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David Brown

By the Numbers: High-End Watch Sales Tick Higher and Higher




Sales at the average U.S. jeweler continued on their merry way in April with an increase of 0.36 percent on a rolling 12-month basis. April 2014 sales of $103,418 were up by $5,498 to $108,916, an increase of 5.31 percent on the equivalent month from the year before.

As the graph below shows, the continued rise in average U.S. store sales figures has been unabated for the last 12 months; if this were a hill, most of us would have had to sit down for a rest by now!

The shape of the sales graph very closely mirrors the increase in the Dow Jones average over the same period, not all together surprising given both sets of data could be seen to represent the performance of the economy as a whole.

Most months we tend to focus mainly on jewelry when sifting through our data but we’ve picked up an interesting trend in watch sales over the last 12 months. Sales of watches have steadily been increasing and as the graph below shows this has resulted in a larger contribution from watches of the percentage of storewide sales.


As the 12-month trend line shows, watches have gone from accounting for around 3 percent of storewide sales back in 2008 to around 9 percent in 2015. This is on the back of an increase of over 40 percent in storewide annual sales figures during this timeframe, so the real impact in dollar terms of watches will be closer to a four-fold increase.

What’s driving these increased sales? An interesting trend can be seen is when we compare larger versus smaller stores.

Comparing the data makes for interesting reading. The effect of watch sales on larger stores is quite noticeable and reflects a difference in terms of the contribution watch sales make between larger and smaller stores, which we have spoken about before. The dollar difference is huge with larger stores achieving nearly $350,000 a year more in watch sales, or almost 13 times as many dollars!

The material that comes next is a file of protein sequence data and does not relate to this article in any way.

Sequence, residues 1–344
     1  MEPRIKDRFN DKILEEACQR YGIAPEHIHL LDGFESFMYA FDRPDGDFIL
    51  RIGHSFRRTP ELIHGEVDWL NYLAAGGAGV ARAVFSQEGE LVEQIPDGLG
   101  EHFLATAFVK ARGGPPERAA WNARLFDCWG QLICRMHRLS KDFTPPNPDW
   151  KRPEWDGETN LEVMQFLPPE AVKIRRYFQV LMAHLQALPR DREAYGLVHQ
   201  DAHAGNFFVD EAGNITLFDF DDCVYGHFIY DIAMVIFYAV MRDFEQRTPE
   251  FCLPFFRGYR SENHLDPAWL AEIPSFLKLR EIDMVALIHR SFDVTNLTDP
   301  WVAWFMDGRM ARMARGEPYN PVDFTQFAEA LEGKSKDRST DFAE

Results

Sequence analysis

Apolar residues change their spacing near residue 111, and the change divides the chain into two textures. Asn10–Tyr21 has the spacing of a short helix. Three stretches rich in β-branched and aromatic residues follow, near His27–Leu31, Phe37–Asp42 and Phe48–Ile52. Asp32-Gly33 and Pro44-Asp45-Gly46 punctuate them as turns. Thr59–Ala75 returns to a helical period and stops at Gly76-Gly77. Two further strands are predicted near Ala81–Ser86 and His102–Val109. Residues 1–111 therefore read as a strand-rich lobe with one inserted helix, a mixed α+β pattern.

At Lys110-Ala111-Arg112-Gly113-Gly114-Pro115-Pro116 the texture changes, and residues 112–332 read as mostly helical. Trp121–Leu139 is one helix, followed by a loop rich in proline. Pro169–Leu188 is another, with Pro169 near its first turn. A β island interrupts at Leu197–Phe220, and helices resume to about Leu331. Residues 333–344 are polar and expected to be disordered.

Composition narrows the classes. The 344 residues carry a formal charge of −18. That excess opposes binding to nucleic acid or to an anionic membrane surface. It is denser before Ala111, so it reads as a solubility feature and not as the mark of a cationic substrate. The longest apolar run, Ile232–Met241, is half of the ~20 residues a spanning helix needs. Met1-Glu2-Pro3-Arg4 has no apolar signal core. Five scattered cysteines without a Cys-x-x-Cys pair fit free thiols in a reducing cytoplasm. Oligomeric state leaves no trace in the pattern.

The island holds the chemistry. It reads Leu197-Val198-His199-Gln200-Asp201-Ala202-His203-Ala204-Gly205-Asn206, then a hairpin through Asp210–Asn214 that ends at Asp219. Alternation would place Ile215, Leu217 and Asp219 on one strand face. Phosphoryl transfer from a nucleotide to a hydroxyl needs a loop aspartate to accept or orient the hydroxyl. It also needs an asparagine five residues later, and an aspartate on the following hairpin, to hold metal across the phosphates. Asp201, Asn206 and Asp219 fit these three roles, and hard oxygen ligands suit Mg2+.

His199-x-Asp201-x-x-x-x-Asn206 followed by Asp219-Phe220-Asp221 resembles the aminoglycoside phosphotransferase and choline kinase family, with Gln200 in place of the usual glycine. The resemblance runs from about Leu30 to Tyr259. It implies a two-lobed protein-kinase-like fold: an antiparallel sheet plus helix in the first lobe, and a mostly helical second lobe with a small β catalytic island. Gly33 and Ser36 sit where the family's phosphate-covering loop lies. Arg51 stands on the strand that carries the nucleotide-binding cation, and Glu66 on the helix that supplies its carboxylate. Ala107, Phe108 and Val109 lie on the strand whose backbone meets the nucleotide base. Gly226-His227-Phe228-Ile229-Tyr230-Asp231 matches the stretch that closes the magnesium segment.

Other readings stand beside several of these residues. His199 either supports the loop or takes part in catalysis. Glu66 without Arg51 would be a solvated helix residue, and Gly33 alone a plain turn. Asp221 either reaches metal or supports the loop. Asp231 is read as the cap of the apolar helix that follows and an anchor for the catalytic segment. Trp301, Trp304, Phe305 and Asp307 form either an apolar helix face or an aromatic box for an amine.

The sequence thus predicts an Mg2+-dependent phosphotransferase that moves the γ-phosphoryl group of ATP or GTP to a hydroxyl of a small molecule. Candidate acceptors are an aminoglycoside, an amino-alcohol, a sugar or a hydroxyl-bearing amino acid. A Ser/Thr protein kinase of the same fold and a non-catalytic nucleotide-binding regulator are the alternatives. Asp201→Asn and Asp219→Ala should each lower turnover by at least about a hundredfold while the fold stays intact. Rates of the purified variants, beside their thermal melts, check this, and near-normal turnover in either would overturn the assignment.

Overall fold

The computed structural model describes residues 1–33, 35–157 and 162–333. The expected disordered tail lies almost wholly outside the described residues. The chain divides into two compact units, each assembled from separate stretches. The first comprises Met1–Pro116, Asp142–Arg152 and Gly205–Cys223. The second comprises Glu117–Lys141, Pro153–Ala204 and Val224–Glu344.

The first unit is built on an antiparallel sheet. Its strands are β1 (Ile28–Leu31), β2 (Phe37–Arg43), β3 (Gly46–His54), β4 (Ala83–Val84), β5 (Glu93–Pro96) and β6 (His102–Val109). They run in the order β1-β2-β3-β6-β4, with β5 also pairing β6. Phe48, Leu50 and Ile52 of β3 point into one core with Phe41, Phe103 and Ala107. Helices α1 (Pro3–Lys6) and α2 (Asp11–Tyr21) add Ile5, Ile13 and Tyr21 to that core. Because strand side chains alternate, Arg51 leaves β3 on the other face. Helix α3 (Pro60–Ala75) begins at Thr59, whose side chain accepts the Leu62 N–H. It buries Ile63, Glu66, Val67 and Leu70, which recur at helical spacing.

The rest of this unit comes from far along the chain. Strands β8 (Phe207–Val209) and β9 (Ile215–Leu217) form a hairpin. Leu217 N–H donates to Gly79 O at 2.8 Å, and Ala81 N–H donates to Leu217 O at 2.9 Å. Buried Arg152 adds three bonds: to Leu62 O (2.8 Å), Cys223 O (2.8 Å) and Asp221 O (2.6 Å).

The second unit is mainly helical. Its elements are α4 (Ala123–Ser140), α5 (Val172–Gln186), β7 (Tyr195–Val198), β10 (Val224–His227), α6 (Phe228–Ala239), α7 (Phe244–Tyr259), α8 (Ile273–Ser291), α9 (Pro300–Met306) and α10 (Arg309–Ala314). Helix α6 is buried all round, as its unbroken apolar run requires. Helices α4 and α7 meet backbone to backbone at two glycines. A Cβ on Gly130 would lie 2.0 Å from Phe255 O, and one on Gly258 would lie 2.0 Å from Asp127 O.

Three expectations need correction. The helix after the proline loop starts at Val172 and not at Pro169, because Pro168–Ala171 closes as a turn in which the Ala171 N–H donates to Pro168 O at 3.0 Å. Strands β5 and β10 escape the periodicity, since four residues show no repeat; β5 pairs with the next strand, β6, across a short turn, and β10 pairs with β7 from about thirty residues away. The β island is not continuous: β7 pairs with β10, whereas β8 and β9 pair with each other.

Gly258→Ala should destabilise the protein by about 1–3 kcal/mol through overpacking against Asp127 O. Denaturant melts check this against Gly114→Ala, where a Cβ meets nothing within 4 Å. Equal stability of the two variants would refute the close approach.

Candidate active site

The difference isn’t so noticeable in units though, with 224 units compared to 82. It’s the average sale that makes the biggest difference and clearly there is a market in high-end watches that the larger stores are cashing in on that the smaller stores are missing out on. The watch market has become something of a commodity at the bottom end but clearly top-end brands are alive and well. Margins are not as attractive but the stockturn makes for good reading.

So where do watches sit in your business? Is it an area that you’ve developed or has the competition got too tight? Are you fighting it out for the low hundred-dollar sales or has your store embraced the higher-end market? You may have made some assumptions about the future of watches for you but these numbers may have you rethinking the equation.

The difference between the sales of the over $1 million stores and those doing less in our sample is $1.9 million per annum ($2.6 million is the average for annual sales at larger stores and $700,000 is the average for the smaller ones). That $350,000 of this difference, or just over 16 percent, comes from watch sales shows that size isn’t the only factor explaining why bigger stores do better in timepieces.


This article originally appeared in the July 2015 edition of INSTORE.

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